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Column: 3D printing raises huge opportunities and challenges for society

Various industries – including motor, aerospace, fashion and toy manufacturing – are embracing 3D printing and pushing boundaries. But what potential challenges might lie ahead for this astonishing technology?

Image: Stefano Tinti via Shutterstock

US PRESIDENT BARACK Obama declared in his State of the Union Address last year that 3D printing would be used to create jobs in America, referring to an innovation institute in Youngstown, Ohio which was once a shuttered warehouse but is now a state-of-the art lab where workers are mastering 3D printing. That day, President Obama launched three more manufacturing hubs, where businesses will partner with Departments of Defence and Energy to turn certain regions into global centres of high-tech jobs.

In May 2013, in its report entitled “Disruptive technologies: Advances that will transform life, business, and the global economy”, the McKinsey Global Institute identified 3D printing as one of the evolving technologies that could have massive, economically disruptive impact. It estimates that 3D printing could generate economic impact of $230 billion to $550 billion per year by 2025. While this technology has come on in leaps and bounds in recent years, governments around the world still need to address the challenges of 3D printing. There is huge potential for Ireland to lead the way by considering and addressing these challenges.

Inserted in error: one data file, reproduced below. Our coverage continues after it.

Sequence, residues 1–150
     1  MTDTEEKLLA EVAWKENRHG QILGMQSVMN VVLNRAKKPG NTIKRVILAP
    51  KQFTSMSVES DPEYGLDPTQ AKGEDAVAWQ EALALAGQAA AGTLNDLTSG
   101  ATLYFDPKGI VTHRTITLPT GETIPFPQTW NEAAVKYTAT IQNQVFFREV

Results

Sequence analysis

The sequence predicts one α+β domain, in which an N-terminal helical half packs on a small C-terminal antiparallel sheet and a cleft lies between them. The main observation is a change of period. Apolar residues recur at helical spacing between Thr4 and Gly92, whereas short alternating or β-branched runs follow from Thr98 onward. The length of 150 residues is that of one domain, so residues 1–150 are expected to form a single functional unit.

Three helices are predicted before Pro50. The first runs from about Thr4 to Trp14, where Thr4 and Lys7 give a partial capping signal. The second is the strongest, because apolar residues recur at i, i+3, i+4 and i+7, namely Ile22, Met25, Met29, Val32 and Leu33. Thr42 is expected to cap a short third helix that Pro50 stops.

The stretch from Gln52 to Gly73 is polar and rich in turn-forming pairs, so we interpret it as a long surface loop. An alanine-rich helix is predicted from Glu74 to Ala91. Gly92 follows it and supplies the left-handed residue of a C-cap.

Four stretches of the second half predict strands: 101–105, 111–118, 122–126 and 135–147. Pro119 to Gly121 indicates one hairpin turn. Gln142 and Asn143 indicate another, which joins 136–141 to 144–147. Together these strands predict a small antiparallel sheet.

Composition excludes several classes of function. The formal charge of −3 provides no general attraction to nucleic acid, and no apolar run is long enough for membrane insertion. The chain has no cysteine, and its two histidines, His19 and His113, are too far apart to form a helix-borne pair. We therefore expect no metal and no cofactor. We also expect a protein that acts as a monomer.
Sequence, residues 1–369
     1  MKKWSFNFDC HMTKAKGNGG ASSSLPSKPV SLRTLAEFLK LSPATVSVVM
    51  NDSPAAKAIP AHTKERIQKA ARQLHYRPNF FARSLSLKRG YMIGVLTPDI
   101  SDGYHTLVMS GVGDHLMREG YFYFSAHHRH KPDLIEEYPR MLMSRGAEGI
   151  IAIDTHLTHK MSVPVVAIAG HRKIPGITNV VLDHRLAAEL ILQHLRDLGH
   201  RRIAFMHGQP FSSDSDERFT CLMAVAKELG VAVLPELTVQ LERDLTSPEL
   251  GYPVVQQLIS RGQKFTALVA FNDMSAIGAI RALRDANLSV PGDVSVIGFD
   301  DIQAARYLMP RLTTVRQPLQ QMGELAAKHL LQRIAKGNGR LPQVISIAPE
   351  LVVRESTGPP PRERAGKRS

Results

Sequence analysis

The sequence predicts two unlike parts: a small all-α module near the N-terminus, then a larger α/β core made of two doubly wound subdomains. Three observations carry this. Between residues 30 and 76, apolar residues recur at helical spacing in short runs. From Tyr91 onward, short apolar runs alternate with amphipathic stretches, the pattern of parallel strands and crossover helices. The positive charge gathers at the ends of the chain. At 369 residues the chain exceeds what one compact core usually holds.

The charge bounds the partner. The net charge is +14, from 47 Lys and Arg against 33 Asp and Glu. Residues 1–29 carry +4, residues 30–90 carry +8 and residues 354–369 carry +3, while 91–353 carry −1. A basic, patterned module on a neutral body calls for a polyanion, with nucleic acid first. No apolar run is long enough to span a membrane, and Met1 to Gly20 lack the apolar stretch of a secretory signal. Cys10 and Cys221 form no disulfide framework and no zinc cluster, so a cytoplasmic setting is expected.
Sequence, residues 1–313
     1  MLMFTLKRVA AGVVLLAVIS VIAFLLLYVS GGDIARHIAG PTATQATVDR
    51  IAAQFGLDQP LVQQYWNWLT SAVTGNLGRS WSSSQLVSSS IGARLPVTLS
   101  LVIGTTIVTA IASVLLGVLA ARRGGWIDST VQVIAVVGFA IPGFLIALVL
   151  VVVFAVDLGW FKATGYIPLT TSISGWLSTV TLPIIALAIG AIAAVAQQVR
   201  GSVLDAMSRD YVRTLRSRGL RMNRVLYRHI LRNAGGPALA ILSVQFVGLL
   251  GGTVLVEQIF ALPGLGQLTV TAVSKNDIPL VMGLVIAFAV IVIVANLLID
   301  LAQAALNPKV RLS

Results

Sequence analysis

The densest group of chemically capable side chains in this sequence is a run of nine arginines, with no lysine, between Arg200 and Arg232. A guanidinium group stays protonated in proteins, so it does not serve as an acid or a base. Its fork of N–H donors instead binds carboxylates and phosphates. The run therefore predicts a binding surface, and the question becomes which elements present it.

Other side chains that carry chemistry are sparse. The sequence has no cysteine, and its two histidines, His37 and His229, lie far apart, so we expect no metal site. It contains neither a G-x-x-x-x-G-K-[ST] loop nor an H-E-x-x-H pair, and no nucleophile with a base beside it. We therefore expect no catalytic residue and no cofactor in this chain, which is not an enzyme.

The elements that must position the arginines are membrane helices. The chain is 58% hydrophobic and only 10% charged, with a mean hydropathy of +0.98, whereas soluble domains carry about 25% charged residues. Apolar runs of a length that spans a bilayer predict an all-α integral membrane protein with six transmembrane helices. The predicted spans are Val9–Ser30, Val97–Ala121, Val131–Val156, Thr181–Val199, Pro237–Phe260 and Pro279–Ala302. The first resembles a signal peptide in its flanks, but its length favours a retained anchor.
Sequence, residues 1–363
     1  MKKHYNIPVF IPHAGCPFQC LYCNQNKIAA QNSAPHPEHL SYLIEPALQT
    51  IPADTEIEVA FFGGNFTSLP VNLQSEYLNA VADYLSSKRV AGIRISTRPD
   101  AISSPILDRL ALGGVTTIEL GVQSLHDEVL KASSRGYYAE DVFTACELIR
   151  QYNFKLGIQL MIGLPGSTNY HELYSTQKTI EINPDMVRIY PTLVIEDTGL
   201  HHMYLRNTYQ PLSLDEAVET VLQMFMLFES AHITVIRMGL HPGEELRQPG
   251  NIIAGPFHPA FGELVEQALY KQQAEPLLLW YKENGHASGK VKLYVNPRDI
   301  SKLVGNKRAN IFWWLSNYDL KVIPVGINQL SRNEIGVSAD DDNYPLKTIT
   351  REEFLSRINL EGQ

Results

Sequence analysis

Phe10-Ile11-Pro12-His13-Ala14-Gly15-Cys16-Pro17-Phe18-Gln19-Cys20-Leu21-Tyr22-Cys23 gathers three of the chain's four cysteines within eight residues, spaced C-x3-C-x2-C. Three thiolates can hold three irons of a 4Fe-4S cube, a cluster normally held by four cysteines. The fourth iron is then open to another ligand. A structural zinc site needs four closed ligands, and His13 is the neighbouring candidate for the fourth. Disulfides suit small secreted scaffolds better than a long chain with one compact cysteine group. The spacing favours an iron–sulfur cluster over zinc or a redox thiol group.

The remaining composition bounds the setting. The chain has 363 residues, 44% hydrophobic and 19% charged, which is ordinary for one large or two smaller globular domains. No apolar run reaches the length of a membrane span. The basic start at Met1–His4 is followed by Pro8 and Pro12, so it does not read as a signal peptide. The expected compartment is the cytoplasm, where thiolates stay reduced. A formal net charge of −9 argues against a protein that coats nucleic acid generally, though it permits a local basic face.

So what is 3D printing – and what are its benefits?

3D printing is a manufacturing process whereby products are built up, layer by layer, using a range of different materials. The process starts with a three dimensional digital file of the object using CAD (Computer Aided Design) software or by 3D scanning an existing object.

3D printers are growing in sophistication and can create increasingly complex objects, including those with different component parts. According to the McKinsey Global Institute, the sales of personal 3D printers grew 200 per cent to 400 per cent every year between 2007 and 2011.

Businesses can benefit in many ways by using 3D printing. For example, bespoke pieces can be produced by purchasing and downloading the appropriate CAD file and then printing it themselves rather than having the part sent by the original manufacturer who may be based overseas. This can reduce costs and remove the need to transport bulky goods around the world.

Potentially 3D printing can address concerns about the waste and environmental impact of manufacturing processes and supply chains by reducing the amount of material wasted and the number of steps required for parts to be produced, assembled, distributed and transported.

Challenges of 3D printing

3D printing brings a number of legal challenges.

For example, it will revolutionise piracy because, once in possession of a 3D printer and the right materials, anyone can become a copier either by acquiring (legitimately or otherwise) the CAD file or by scanning the original object. It will be difficult to differentiate between genuine and counterfeit goods. This is of particular concern in for manufacturers of certain items, such as medical devices because counterfeit products are unlikely to be produced in clean environments or to meet the same safety requirements as the original product.

With the first 3D printed guns having already been test-fired, 3D printing creates a public safety risk as well as a potential security nightmare. Even if legislation was passed banning the 3D printing of weapons, the online distribution of 3D printable files for weapons (similar to the illegal trade in music, movie or software files) will be difficult to control. Governments will need to find ways of controlling such activities.